Is there anything that has been done or in development?
If there isn't, m idea would be there being a video to image converter, then a resolution converter and then making a program that would link them together (Non-Calc), and then a program on the calc to run it. Make it 30 fps or more if the calc can handle it. I've seen the TI-84 Plus version on Cemetech.
Thanks for reading and/or helping!
Not yet. It happened on monochrome calculators and the TI-Nspire (monochrome model), though. For the CE it would probably require a lot of compression, though, to keep the file size down, since the calculator only has 3 MB of archive. I don't think speed would be a big problem, though. What could be done to keep the size down without too much of a speed decrease is using a lower resolution, scaled up, in 4 bits mode (16 colors). 12-15 FPS would probably be better for size reasons, but I bet 30 would be easy, speed-wise. You can also crop the borders so that the video is actually 144x104 or something or 288x208 with no zoom.
320x240, 8-bits, 30 FPS: 1 second of video
160x120, 8-bits, 15 FPS: 10 seconds of video
160x120, 8-bits, 12 FPS: 13 seconds
160x120, 8-bits, 10 FPS: 15 seconds
144x104, 8-bits, 15 FPS: 13 seconds
144x104, 8-bits, 12 FPS: 16 seconds
144x104, 8-bits, 10 FPS: 20 seconds
96x64, 8-bits, 15 FPS: 32 seconds (this is if you used 3x zoom)
96x64, 8-bits, 12 FPS: 40 seconds
96x64, 8-bits, 10 FPS: 48 seconds
320x240, 4-bits, 30 FPS: 2 seconds
160x120, 4-bits, 15 FPS: 20 seconds
160x120, 4-bits, 12 FPS: 26 seconds
160x120, 4-bits, 10 FPS: 30 seconds
144x104, 4-bits, 15 FPS: 26 seconds
144x104, 4-bits, 12 FPS: 32 seconds
144x104, 4-bits, 10 FPS: 40 seconds
96x64, 4-bits, 15 FPS: 1 minute 4 seconds
96x64, 4-bits, 12 FPS: 1 minute 20 seconds
96x64, 4-bits, 10 FPS: 1 minute 36 seconds
At 4 bits it would be 16 colors, though, so to keep a decent quality dithering would have to be used. 320x240 is not viable unless you use 2-bits grayscale and/or a very low framerate.
This is the TI-Nspire player, by the way: http://www.ticalc.org/archives/files/fileinfo/439/43939.html (sadly, the source code was never released). Of course, though, if you are interested in learning to program, you can always give it a try once you gain more experience, though. :)
Yes there is ;) ;)
Kinda bogged down by lack of motivation though :(
Oh you're working on one? I didn't know that, especially since you had some other projects already (such as WalriiMon, Lazer CE, etc). Motivation is hard to come by, though, especially when busy. <_<
Yep. I basically lost motivation for CE projects after i got tired of debugging bugs with the shell i was working on. (Dropped that project :( ). Lost motivation for PC projects about a month ago when school started.
On the subject though, one of the problems with making a video player is the memory constraint. 80*60 @6 bpp would take 3600 bytes per frame. 160*120 @4 bpp would take 9600. That, plus the palate size.
and external memory like a usb stick are impossible?
Sure but that removes 99% of the audience.
yeah might be right about that... :(
Sad to hear you lost your motivation.
Plus whatever program is used to play the video will also take up memory.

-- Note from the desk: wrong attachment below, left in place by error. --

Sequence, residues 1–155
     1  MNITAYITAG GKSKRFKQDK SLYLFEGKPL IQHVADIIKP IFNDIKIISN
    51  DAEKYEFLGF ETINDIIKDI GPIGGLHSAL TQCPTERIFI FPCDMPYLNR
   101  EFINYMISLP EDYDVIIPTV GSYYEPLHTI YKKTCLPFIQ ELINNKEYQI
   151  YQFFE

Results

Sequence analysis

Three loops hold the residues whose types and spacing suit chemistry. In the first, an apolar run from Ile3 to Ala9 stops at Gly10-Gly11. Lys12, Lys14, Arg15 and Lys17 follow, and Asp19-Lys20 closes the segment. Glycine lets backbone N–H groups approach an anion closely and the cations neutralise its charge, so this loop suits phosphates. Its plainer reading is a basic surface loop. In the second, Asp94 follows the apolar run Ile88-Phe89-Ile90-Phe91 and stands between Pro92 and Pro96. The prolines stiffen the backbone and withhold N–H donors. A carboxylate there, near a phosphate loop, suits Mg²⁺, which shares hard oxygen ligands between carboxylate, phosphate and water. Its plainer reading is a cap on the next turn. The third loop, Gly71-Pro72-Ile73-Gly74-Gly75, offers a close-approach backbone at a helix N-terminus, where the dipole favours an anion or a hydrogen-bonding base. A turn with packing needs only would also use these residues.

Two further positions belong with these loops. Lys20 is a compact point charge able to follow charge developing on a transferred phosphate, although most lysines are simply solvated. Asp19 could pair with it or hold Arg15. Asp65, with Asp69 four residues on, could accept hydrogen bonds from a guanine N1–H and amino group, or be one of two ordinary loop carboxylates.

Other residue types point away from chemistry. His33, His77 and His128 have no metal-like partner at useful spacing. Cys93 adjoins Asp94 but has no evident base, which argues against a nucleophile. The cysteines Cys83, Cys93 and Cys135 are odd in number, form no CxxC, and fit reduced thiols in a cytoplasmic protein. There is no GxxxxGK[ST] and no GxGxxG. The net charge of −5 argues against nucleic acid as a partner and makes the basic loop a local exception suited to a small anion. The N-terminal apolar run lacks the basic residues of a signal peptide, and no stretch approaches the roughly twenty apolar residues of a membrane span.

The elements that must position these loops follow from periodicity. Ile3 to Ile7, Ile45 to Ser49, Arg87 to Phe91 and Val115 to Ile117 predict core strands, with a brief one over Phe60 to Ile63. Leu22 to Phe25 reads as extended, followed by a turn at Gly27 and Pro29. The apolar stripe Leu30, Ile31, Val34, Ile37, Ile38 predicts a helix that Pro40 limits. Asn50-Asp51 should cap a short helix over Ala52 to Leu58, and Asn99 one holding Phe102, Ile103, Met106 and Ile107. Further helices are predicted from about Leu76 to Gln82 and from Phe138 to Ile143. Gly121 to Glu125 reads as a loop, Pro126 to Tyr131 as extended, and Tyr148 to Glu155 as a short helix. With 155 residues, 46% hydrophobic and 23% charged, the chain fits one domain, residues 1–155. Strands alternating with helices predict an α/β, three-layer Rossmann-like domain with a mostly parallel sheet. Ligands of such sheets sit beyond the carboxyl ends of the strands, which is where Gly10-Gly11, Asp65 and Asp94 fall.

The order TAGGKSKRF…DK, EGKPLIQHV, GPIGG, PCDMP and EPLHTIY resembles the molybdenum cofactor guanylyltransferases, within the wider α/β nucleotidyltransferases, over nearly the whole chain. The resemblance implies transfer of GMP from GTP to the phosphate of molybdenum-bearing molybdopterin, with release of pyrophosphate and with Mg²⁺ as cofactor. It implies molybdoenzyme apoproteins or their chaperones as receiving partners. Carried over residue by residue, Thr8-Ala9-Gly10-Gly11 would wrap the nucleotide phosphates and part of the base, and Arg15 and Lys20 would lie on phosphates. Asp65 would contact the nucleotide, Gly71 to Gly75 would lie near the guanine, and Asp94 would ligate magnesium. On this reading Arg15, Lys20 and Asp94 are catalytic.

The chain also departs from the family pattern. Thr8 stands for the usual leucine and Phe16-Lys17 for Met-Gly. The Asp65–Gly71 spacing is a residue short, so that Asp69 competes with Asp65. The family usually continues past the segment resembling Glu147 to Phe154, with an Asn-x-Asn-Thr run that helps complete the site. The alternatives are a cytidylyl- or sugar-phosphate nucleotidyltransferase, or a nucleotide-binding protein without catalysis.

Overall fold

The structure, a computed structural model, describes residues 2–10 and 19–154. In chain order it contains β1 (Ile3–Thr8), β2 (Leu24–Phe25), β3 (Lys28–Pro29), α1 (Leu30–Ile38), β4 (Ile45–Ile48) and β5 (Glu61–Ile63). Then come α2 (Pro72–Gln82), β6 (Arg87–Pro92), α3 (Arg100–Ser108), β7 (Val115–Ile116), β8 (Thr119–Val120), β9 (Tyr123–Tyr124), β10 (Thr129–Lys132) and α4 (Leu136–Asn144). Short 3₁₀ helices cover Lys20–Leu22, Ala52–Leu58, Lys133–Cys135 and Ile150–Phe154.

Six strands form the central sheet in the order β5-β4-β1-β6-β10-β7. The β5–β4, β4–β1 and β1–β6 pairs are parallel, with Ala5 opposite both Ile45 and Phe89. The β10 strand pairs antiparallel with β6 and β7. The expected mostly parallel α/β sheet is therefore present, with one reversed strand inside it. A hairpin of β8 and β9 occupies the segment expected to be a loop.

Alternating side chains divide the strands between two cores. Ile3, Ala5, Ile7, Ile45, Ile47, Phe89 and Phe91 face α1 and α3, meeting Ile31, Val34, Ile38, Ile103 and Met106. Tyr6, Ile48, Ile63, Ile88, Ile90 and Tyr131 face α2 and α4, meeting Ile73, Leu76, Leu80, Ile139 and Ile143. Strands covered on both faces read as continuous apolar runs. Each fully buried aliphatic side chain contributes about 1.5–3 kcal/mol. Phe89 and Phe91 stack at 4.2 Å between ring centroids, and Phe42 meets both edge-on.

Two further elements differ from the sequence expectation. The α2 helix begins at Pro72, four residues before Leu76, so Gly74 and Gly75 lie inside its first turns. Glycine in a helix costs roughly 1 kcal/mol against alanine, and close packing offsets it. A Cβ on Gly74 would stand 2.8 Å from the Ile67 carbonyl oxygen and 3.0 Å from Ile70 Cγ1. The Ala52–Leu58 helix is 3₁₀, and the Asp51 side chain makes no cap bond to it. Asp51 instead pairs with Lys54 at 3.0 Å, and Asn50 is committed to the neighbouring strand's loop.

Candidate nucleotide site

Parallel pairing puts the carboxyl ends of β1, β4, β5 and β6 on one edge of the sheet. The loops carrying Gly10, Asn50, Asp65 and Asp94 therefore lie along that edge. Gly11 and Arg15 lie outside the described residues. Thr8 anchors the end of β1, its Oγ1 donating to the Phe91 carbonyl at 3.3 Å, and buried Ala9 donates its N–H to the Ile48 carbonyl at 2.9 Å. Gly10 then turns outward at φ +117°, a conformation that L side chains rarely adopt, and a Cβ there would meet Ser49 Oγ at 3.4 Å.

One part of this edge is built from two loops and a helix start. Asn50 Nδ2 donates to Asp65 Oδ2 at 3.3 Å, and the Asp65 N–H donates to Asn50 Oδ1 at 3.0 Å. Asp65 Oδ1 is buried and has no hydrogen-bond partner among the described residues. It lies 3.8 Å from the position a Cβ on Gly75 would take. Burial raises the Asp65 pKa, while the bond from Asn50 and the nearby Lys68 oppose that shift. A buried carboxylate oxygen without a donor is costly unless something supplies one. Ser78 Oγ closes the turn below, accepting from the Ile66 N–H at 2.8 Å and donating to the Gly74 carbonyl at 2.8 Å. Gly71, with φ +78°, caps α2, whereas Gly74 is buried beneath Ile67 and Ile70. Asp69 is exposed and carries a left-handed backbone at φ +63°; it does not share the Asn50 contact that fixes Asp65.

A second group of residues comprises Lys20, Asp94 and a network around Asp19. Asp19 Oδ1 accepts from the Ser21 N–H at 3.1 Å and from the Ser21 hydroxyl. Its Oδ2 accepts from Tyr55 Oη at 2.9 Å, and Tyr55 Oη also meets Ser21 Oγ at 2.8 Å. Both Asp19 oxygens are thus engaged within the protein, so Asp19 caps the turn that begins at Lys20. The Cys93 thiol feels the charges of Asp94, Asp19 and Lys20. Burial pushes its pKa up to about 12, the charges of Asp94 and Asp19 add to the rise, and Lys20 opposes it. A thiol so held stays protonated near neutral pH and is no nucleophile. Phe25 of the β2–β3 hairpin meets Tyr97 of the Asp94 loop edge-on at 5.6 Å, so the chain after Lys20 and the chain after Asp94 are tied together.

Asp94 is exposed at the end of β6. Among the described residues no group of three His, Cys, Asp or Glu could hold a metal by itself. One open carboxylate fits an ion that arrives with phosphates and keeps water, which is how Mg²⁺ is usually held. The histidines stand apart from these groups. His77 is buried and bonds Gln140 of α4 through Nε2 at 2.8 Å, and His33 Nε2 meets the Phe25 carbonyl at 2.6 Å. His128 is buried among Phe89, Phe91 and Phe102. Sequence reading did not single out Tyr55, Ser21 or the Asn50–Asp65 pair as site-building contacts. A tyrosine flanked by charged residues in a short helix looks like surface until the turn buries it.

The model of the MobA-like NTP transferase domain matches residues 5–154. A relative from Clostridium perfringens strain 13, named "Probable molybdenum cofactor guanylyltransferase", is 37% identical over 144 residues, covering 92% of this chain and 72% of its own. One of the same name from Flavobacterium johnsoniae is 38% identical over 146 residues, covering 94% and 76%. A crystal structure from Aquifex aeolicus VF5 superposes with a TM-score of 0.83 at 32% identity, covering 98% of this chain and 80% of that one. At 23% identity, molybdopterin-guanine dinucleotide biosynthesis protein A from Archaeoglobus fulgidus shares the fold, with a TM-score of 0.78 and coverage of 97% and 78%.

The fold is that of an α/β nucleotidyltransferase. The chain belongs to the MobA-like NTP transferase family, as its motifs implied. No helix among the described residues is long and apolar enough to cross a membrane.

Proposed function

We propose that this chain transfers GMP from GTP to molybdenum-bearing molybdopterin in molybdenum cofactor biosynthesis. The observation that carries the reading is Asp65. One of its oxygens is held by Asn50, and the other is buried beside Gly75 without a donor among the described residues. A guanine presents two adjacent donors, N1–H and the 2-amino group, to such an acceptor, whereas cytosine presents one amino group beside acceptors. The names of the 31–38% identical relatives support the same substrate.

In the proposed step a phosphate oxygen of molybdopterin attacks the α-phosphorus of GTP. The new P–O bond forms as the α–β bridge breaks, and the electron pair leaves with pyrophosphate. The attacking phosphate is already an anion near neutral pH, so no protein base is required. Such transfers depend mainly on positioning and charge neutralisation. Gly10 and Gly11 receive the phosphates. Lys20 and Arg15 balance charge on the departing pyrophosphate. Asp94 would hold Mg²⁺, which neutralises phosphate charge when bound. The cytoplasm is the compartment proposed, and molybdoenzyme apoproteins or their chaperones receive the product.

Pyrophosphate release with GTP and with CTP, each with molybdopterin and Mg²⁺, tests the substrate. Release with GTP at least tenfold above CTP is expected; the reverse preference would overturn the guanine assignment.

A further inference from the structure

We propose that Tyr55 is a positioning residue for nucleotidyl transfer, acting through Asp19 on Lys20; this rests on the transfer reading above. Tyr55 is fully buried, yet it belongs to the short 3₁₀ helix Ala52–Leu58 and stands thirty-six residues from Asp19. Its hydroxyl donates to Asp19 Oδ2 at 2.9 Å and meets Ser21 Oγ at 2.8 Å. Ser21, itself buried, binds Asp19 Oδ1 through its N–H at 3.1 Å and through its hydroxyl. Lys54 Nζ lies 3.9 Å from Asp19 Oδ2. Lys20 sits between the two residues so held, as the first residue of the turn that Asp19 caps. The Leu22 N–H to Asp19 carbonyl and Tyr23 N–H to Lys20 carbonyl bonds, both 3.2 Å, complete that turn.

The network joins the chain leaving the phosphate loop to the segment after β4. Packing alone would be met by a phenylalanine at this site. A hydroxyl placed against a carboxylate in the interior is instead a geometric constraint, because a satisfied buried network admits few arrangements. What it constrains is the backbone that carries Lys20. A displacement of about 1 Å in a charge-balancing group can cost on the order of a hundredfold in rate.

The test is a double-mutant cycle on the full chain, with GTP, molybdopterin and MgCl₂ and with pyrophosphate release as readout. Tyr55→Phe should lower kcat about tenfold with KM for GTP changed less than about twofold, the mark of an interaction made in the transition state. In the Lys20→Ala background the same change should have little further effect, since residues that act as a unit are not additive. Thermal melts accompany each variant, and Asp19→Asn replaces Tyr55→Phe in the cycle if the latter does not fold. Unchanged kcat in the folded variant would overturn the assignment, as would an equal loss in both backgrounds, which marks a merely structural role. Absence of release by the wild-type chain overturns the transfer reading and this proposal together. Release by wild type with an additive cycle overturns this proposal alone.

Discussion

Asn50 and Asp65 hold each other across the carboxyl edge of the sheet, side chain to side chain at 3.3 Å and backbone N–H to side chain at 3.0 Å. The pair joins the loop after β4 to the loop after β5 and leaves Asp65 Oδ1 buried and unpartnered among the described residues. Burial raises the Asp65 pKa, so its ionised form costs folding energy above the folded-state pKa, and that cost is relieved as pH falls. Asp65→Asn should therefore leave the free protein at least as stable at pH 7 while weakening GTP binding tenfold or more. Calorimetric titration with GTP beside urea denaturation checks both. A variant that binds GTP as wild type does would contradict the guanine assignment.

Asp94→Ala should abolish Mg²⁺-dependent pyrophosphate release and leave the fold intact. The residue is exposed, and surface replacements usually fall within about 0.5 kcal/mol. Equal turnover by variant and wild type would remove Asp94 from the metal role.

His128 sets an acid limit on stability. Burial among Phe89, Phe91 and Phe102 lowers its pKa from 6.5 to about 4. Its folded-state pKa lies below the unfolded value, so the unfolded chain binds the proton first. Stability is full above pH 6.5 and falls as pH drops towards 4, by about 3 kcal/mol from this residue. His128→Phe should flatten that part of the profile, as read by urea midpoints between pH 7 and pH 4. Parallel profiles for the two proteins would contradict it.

yess also you can't act like your program is the only one they will have on their calc. at max. 50% of the memory belongs to one program xD
But that still doesnt solve the problem. In fact it only makes it worse...
thank you :-\
The resolution could be probably be doubled without taking up more memory by just interpolating pixels and not get to much of a quality decrease.
Edit: also video programs on TI84 are much easier to make becouse the screen is much smaller and only 1-bit. Even with 2 bit greyscale its 1536 per frame.
still sounds cool... having 48h of
pr0n Legally Bought Disney Movies on ur flash drive and watching it on a *calculator* ;D
Also, do you really want to use 4 bit? Your
movie wont look so good :P
My desktop in 4bpp:
U use Paint.net? nice! :D
btw you got Morrowind twice (on time the direct exe on time a launcher for it. Maybe should remove one of them) :)
aaand yess... the color settings are a little bit annoying.
But for our beloved disney movies we don't need those colors anyways. :thumbsup:
We need Red, Yellow, Pink instead of Red, green, blue.
So modifying the color palette should improve the quality :3
You also need to keep in mind that because we don't have appv, we are limited at 64K for one program/appv. That mean you will need to fetch data from appv and switch appv from time to time, which may cause hitching in your video :P
Darn I forgot about the 64 KB limit. That's gonna be a lot of appvars for a 3 MB movie O.O
Well, about 48 appv for a 3Mb movie. This is a lot :P
One wondering how the user will view it though. A central program to view all the gifs on the calc? Or maybe somehow make the gif a runnable file that executes the gif viewer, or maybe even embed the gif viewer in the gif? (As long as it isn't too big)
A central program would work.
Here's how i'm doing it: :)
The user "opens' the gif with Asm(GifFile
That program has a small header which prints a small flag in free ram and then executes the gif reader.
The gif reader checks to see if the flag exists, and if it does, it uses the flag to determine the filename of the gif to open.
After the gif's header is the data, and the reader reads that.
Sounds like it would make a lot more sense to just convert the gif beforehand rather than whatever that is :p
and how are you going to view your converted gif?...
(The quote has nothing to do with converting gifs >_> )